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Lady Like

A look inside Aunt Blanche’s perfect world.
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illustration by Giselle Potter

Aunt Blanche was devoted to the art of proper living. She was 23 years old when she moved from a dirt farm in Cisco, Texas, to Dallas, and she embraced the big city with acute relief as if, finally, dear God, the dust and indignities of small-town life were behind her. I don’t think my daughters remember her well, though they still have the dolls that she gave them, all dressed in Southern gowns of an era. The dolls are in perfect condition, because they are not the kind that you play with. Blanche also gave my daughters a series of exquisite silver spoons, one for each birthday, engraved with their names. The spoons kept coming, even after her death. Blanche made arrangements for that.

She lived alone—never married—and I remember the first time I visited her condominium off Preston Road near Royal Lane. The condos are still there, in an unremarkable setting that’s more about the parking lot than the places where people actually live. But once inside, you were in Blanche’s perfect world. Everything about her home said: a lady lives here. I was fascinated with the dainty linen place mats with scalloped borders. Her collection of painted Russian boxes. Landscapes in gold frames. Puffed and perfect upholstery. 

They say our homes reveal who we are, but I wonder. Blanche’s world didn’t give a clue that when she was 70, she would sign up for Semester at Sea and travel the world with hundreds of uncaged, drunken college students. A few times, family members brought up the strange subject of Blanche’s great love: a race car driver. That seemed impossible to square with the Blanche I knew, who owned the stationery store Marj’s at Inwood Village for decades. She had a reputation: her knowledge of fine papers and typography made her the local etiquette queen, and for decades, every Dallas bride and her mother went to Blanche for wedding invitations. I wonder if, in her dreams, she ever designed her own.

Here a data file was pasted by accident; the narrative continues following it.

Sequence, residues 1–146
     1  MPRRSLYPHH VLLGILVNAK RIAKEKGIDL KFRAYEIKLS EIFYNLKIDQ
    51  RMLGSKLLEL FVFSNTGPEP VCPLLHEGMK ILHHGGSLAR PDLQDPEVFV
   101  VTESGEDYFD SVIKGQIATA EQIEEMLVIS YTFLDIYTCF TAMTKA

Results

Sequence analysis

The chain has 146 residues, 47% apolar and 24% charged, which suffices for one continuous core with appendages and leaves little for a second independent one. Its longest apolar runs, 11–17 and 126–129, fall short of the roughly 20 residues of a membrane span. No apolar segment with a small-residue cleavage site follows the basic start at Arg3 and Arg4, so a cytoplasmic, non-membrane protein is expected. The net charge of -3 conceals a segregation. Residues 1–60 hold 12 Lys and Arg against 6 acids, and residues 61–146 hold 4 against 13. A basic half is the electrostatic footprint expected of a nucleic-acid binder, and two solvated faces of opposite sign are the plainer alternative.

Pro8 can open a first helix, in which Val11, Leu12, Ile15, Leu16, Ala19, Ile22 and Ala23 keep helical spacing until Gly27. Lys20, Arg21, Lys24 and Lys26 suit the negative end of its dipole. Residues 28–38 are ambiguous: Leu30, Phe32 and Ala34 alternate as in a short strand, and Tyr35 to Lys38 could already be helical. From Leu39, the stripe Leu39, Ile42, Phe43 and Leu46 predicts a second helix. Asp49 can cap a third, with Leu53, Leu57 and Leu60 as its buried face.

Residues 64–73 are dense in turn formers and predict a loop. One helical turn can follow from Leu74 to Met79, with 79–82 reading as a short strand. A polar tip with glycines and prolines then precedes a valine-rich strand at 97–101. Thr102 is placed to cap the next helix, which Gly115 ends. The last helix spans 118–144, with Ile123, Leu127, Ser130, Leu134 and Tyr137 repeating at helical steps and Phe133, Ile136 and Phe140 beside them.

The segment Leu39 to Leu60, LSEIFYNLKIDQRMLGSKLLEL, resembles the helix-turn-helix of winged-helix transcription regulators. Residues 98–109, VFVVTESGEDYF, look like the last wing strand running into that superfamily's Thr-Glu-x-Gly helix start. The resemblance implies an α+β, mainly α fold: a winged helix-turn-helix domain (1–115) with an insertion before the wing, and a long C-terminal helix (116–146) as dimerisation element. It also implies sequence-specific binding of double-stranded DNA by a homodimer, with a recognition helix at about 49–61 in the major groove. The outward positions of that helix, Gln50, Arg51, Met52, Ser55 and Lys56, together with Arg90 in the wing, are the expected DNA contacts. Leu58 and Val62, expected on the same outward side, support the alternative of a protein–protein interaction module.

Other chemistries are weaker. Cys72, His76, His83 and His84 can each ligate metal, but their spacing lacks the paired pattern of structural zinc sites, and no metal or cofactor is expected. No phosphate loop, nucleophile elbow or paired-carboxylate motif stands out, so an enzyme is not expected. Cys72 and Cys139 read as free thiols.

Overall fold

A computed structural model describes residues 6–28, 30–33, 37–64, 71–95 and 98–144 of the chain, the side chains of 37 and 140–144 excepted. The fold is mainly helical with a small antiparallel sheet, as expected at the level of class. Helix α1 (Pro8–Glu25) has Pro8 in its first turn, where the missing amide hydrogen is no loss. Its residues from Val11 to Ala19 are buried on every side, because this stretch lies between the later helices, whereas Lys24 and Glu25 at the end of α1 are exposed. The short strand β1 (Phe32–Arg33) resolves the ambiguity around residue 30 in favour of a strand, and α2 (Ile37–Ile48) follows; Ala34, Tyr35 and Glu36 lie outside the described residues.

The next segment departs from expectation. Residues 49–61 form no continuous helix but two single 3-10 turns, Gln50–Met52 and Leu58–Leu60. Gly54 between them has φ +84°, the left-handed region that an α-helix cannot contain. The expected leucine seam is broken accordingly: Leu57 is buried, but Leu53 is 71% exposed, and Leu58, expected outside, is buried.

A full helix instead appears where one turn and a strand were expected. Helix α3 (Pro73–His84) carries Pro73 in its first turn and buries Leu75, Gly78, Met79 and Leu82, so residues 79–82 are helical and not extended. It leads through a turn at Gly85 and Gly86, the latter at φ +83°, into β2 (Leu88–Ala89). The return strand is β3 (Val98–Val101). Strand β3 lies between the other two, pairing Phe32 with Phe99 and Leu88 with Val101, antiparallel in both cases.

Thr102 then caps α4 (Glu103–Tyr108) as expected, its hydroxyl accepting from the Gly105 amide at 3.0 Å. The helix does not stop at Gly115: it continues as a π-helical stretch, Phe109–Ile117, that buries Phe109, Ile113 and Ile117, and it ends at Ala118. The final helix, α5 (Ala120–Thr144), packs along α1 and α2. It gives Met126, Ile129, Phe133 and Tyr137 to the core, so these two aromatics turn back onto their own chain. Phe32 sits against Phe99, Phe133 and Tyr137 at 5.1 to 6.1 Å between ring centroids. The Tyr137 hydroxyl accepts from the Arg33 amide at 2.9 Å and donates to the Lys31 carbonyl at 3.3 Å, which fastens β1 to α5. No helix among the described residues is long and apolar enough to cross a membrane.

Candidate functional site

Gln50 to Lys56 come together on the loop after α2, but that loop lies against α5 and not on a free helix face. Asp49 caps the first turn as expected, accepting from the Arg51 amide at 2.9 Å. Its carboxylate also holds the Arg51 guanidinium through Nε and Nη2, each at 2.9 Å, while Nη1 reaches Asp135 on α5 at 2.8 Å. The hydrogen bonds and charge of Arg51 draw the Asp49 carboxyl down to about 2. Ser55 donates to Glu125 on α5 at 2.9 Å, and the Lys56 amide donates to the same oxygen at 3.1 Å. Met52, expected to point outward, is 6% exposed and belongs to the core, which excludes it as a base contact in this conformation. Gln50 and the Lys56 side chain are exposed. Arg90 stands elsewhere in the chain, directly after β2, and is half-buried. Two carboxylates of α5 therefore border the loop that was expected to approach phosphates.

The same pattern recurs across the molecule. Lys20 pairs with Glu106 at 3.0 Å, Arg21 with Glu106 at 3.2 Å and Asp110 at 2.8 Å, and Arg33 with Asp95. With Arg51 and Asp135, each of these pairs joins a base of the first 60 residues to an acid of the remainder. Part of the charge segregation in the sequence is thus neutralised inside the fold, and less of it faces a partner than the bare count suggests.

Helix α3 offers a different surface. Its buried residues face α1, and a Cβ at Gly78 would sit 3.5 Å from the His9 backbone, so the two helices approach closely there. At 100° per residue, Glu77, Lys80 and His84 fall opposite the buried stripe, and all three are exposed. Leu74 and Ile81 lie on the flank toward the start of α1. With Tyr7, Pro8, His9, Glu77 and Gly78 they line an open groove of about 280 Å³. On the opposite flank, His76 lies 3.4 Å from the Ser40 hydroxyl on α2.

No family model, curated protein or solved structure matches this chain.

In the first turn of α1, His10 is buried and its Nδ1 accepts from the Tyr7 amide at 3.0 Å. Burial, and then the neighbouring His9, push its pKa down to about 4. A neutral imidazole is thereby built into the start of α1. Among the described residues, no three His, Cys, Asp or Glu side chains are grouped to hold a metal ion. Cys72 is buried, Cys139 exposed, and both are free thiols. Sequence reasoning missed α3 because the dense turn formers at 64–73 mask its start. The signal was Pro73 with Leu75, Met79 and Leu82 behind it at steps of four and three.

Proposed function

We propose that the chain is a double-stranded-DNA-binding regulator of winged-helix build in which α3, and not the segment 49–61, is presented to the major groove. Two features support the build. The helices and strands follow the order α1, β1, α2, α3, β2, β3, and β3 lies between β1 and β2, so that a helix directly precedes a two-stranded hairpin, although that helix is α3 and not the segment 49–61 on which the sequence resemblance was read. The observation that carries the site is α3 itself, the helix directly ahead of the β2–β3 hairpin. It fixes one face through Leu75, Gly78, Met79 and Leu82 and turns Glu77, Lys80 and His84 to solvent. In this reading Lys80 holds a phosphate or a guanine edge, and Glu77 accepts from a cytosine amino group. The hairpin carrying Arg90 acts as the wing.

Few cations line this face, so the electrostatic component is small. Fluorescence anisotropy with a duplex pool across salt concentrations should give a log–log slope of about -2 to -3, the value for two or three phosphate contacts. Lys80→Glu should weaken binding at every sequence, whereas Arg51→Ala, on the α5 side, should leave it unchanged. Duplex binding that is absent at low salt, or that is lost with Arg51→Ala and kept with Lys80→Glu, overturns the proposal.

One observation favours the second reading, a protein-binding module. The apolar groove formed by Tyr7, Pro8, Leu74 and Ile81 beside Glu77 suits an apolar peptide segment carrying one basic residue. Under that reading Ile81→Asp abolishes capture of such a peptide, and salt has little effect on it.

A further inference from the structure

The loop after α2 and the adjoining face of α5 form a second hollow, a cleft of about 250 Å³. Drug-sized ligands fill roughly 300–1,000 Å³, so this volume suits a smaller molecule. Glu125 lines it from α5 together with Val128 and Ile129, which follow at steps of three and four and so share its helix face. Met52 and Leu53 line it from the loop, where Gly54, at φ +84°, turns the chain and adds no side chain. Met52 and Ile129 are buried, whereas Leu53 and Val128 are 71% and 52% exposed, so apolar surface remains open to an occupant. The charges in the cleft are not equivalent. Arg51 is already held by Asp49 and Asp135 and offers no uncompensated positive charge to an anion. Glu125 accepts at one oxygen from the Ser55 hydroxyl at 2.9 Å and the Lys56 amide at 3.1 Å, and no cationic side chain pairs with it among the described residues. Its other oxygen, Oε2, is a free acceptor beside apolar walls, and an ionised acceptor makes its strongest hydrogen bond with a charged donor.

After she died, a large moving van pulled up to our house in New York where we then lived, and we received box after box of her possessions, which her sister, my mother-in-law, had meticulously sorted and packed and distributed among all of Blanche’s nephews and nieces. Every item was wrapped in pages of The Dallas Morning News. Instead of being magical souvenirs from Blanche’s perfect world, they seemed lost, like gemstones removed from a crown. “Should we save them for later?” my daughter asked as she watched me look around the room wondering where on earth we could put all of it.

No, I decided, we should use all of it now. “Even if it’s so fancy?” my daughter pressed. “Even so,” I said. I suppose it’s not “us” to use embroidered place mats, cloisonné fish knives, or strawberry-studded tureens. But we often do. And when we do, we sit up a little straighter and remember this perfectly proper lady.

My only regret is that I never knew the woman underneath it all.

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